Organisational antecedents of voluntary employee green behaviour: An organisational justice perspective
Social capital and community-based entrepreneurship in Africa
This study will investigate the threat of mission drift faced by social enterprises, and the strategies set up by social entrepreneurs in order to maintain their hybridity. Social entrepreneurship is a growing research topic in the literature. One of the specificities of social enterprises is particularly interesting: their hybrid nature (Battilana & Lee, 2014). Social enterprises are hybrids because they are coupling a social mission with an economic activity. There is a need to study the fragile equilibrium of social enterprises maintaining their hybridity. If they focus on the social mission, they may endanger their financial survival. But if social enterprises favour the business objectives at the cost of the social mission, it is called mission drift (Cornforth, 2014; Ebrahim, Battilana, & Mair, 2014).
Based on a multilevel analysis of social enterprises, we will investigate the tensions faced by social enterprises at the individual level (motivations of social entrepreneurs), at the organisational level (social capital and social networks analysis), and at the societal level (institutional theory). Responding to the call to investigate the mission drift in African settings (Doherty, Haugh, & Lyon, 2014), we already identified a network of social enterprises in the tourism sector in Benin (Africa). The tensions faced by those social enterprises are important, due to several crisis the last years (Boko Haram, Ebola…).
A study towards understanding the processes underlying Social Entrepreneurship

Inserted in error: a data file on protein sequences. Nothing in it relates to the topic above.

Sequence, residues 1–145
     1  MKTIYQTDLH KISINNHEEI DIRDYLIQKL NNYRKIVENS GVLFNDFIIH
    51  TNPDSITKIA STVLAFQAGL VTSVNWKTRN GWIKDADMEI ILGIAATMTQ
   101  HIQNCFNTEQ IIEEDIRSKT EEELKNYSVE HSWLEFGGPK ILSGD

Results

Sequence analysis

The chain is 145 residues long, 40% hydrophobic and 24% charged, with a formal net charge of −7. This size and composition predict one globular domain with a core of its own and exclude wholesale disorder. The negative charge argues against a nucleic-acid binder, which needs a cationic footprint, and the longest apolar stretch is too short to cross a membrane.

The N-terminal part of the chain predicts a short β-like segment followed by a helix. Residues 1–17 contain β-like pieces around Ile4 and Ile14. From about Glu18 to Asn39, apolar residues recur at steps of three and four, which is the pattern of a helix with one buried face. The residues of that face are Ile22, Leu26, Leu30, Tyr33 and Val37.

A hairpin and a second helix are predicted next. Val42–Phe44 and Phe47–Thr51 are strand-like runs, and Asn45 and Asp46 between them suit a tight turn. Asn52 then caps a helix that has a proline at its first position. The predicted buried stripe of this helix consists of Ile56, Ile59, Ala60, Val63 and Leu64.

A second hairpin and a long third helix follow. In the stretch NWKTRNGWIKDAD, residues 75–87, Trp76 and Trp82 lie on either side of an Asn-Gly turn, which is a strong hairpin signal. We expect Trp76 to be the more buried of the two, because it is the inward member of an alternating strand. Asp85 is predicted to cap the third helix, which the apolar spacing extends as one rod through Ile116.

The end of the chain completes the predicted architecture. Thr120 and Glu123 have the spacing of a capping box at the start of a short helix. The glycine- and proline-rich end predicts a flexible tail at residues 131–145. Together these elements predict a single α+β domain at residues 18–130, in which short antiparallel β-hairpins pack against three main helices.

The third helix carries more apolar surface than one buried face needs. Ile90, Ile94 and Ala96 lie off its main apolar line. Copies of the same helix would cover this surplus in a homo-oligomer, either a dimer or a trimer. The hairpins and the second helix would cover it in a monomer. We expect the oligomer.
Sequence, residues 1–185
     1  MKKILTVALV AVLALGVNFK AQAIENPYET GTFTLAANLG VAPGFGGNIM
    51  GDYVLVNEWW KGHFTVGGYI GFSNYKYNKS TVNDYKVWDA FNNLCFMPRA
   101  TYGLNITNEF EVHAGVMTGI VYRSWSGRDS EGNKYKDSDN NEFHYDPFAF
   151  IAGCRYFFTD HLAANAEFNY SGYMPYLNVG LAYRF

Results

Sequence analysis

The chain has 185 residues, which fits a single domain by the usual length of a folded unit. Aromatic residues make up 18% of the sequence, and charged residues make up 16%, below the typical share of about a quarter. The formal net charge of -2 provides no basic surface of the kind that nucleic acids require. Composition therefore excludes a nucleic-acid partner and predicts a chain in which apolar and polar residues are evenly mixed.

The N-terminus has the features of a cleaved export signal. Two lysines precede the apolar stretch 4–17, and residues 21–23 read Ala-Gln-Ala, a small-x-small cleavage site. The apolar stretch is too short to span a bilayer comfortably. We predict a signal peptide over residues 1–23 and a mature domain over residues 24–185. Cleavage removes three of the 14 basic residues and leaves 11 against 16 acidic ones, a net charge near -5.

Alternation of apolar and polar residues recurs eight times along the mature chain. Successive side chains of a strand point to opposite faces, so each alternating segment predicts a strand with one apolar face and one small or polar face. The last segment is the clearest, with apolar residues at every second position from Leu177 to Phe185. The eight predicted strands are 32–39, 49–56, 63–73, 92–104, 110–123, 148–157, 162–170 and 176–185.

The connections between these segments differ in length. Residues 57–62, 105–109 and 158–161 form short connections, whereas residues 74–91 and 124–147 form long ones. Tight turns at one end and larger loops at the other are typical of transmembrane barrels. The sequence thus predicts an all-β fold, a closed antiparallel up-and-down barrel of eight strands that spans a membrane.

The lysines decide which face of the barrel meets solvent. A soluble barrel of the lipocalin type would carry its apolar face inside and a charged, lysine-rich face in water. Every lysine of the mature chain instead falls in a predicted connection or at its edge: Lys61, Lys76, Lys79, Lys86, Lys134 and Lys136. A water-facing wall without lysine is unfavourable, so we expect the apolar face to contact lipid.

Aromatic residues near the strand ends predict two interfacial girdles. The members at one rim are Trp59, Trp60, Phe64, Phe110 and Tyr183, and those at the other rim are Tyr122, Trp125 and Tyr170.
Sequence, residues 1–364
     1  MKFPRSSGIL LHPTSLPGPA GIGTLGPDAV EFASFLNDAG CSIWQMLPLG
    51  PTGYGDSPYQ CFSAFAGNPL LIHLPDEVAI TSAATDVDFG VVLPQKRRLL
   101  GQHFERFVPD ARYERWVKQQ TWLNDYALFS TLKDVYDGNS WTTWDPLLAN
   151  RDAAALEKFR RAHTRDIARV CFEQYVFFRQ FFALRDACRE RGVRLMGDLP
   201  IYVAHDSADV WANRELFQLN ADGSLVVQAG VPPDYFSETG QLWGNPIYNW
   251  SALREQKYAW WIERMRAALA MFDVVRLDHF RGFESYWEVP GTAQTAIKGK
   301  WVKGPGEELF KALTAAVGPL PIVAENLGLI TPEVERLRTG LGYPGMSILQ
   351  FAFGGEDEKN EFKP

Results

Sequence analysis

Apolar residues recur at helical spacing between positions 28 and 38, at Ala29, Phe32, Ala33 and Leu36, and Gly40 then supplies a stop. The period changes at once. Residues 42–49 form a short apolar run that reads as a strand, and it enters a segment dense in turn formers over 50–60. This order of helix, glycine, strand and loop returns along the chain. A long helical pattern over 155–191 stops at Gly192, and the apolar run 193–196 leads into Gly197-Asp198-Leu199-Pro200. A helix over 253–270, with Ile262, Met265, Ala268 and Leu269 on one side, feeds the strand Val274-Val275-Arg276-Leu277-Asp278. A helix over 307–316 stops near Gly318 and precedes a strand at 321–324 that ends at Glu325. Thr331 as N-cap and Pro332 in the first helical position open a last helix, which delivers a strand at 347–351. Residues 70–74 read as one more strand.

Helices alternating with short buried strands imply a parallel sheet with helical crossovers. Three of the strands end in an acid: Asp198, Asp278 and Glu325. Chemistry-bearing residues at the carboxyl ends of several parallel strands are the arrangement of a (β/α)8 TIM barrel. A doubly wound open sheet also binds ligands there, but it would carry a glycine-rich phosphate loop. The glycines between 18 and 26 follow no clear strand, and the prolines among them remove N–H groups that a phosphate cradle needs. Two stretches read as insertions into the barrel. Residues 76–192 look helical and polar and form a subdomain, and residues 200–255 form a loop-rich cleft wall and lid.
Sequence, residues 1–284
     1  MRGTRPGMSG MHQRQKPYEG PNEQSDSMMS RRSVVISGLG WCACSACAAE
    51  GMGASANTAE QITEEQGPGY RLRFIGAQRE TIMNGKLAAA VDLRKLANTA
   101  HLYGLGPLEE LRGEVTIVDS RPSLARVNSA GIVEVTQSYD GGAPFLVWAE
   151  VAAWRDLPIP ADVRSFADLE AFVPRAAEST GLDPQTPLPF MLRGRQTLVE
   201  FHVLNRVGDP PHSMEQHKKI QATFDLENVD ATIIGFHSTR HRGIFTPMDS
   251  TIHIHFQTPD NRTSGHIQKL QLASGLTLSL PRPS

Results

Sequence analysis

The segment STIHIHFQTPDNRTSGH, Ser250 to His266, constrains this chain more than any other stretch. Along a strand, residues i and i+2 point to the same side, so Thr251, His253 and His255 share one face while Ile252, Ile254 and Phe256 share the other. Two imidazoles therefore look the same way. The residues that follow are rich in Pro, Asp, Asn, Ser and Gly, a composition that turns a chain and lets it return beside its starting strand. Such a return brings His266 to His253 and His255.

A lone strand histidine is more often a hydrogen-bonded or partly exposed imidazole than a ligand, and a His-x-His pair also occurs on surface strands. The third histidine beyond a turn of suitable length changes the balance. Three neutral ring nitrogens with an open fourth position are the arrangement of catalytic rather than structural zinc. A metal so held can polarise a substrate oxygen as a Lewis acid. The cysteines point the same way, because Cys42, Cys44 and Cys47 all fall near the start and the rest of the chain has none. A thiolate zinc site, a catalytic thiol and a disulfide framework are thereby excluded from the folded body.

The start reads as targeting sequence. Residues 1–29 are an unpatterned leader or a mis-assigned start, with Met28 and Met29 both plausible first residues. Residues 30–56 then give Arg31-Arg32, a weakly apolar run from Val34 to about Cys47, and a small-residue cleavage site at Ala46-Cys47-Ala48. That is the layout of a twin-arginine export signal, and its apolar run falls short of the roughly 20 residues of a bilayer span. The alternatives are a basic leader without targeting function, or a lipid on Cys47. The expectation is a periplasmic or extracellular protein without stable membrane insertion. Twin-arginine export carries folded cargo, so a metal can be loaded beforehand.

PSS, an integrative typology of value propositions and marketing practices to curb obsolescence practices? Understanding consumers’ reactions towards potential solutions.
The European Economic and Social Committee (EESC 2014/C 67/05; EESC, INT/779) and environmental campaigners (e.g., Terra Nova, 2012; La Fabrique Ecologique, 2016) formulated diverse recommendations to mitigate environmental and social consequences of obsolescence, namely, increasing product intrinsic durability, adopting longer warranties, facilitating repair, increasing product transparency, and shifting from product sales to service offerings. In the marketing literature, we have fragmented research on obsolescence and solutions against obsolescence (Cooper, 2004). Yet, a systematic research on the solutions against obsolescence and consumers’ reactions towards these solutions is lacking.
In this PhD, we suggest that product service-system (Tukker and Tischner, 2006), borrowed from business management, engineering and design literature, is a relevant typology to look at obsolescence and to highlight potential solutions. Besides, we conduct research on a specific solution – displaying product reparability information. We aim to answer the following questions: How, why and under what conditions do product reparability information influence consumers’ reactions (their attitude and willingness to buy)?
CSR evaluation: Analysis of the process and the challenges to become a certified B Corp company and of the impact on employees